We all have to breathe to live. But the air we breathe is polluted both outdoors and indoors. Each year, this pollution costs 7 million lives across the globe – and a lot of suffering. 1 in 8 deaths is due to air pollution. This course will provide you with an introduction to the most recent research in the field of health effects of air pollution as well as a broader understanding of sources and spread of air pollution and what we should do about it.
What is air pollution? What are the sources? How and where are we exposed outdoors and indoors? What happens in the body? Which diseases are the result? Who are the most vulnerable? How can we assess the effects of air pollution? And what should we do to reach the Sustainable Development Goal to “substantially reduce the number of deaths and illnesses from hazardous chemicals and air, water and soil pollution”? These are some of the important questions we will address in the course.
During the course you will meet researchers and experts from the University of Copenhagen and the Technical University of Denmark. They work with different aspects of air pollution and health: toxicology, exposure assessment, epidemiology, engineering and health impact assessment. It is a global responsibility to combat the health impacts of air pollution, and this fight can only be won through new knowledge and global collaboration.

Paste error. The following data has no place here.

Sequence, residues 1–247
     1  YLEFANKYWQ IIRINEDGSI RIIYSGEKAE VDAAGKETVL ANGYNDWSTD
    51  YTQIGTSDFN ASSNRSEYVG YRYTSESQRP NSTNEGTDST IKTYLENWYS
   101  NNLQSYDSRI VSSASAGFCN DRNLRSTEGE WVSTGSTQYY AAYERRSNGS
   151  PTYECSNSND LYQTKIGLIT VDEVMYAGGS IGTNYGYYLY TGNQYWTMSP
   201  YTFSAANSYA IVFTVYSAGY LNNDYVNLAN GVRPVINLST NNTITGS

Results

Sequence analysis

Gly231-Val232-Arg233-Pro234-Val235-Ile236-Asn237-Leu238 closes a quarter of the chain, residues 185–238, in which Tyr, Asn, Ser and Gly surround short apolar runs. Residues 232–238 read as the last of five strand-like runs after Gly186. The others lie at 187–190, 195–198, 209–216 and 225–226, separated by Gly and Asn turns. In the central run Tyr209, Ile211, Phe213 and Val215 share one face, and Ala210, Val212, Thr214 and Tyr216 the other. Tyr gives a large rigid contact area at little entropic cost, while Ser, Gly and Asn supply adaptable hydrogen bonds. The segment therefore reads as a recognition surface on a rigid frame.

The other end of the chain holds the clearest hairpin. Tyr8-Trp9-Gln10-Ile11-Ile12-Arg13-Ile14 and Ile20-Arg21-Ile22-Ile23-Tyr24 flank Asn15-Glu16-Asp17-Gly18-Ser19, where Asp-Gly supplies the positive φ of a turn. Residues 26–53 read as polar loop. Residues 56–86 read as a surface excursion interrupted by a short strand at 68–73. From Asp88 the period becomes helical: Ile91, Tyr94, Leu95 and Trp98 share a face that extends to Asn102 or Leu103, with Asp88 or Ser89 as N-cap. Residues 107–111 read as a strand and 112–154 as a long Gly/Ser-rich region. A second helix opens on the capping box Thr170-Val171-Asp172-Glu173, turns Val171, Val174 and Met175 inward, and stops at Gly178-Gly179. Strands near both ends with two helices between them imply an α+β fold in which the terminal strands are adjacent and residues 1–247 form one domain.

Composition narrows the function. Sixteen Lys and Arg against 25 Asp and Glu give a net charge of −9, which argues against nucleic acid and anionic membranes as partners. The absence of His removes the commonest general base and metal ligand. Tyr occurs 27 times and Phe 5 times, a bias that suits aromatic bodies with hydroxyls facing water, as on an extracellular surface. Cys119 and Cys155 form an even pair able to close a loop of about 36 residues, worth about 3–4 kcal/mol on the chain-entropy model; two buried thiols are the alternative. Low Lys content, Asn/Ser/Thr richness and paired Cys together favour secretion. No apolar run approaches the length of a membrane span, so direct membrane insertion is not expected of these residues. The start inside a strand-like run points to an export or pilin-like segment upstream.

We hope you will join us in the course and equip yourself to take part in this global and individual health challenge.
The air we breathe
The air we breathe is full of particles and gases. Some occur naturally, but many are the result of human activities. This first module will look into what air pollution is, where it comes from and what it does to our lungs and the rest of our body.
Outdoor air pollution
Outdoor air pollution affects all of us – no matter where we are on the Globe. But there are big differences in air pollution levels from one country to another, from rural to urban areas, from city to city, and even from one side of the street to the other. Though all people are affected, some people are more vulnerable to the damaging health effects of air pollution than others. This module will explain about how we can study health effects of exposure to outdoor air pollution in diverse population groups. We will also look at what we can do to fight outdoor pollution – and cope with it.
Indoor air pollution
Most people spend most of their time indoors. The building envelope traps and accumulates pollution from both indoor and outdoor sources. This module will explain about health effects of indoor use of solid fuel as a particularly important source in large parts of the world, as well as of other sources of indoor air pollution. You will also learn about what you can do to improve the air quality in your home.